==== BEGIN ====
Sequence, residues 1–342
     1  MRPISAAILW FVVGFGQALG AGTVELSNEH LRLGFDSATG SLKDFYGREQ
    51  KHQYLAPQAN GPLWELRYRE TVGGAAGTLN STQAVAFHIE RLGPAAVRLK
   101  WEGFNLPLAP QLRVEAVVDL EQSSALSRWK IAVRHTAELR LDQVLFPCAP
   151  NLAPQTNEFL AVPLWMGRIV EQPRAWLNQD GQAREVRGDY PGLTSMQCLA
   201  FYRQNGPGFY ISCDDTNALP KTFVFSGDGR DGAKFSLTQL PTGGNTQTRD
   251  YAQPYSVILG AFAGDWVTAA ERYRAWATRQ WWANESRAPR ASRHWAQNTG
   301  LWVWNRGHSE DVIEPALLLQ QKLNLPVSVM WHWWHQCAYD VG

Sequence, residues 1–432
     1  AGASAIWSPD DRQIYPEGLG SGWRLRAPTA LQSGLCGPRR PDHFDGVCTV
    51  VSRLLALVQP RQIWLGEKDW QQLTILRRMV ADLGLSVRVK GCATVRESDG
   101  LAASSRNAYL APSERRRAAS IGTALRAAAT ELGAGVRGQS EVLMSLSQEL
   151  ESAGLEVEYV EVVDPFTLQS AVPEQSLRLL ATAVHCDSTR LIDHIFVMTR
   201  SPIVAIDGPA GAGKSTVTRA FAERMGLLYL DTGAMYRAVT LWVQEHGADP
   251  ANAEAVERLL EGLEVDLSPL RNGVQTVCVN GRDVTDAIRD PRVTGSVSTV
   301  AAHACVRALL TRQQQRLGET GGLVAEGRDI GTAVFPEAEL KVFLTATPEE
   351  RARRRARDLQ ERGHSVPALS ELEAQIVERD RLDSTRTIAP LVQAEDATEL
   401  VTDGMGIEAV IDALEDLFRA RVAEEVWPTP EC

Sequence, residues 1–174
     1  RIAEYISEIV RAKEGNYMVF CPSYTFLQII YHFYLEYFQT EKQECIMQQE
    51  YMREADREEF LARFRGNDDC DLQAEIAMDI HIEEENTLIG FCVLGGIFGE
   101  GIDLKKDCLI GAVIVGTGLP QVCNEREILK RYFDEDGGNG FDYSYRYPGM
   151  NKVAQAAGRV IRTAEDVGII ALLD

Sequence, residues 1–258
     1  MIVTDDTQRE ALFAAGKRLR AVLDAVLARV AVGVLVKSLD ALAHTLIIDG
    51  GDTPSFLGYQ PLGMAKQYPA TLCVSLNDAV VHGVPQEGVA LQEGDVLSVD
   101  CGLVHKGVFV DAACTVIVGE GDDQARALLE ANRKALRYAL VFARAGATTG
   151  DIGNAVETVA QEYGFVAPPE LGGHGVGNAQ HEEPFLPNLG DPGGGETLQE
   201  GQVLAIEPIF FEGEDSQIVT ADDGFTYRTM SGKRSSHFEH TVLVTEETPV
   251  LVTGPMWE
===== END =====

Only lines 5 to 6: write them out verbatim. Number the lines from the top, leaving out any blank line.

   151  NLAPQTNEFL AVPLWMGRIV EQPRAWLNQD GQAREVRGDY PGLTSMQCLA
   201  FYRQNGPGFY ISCDDTNALP KTFVFSGDGR DGAKFSLTQL PTGGNTQTRD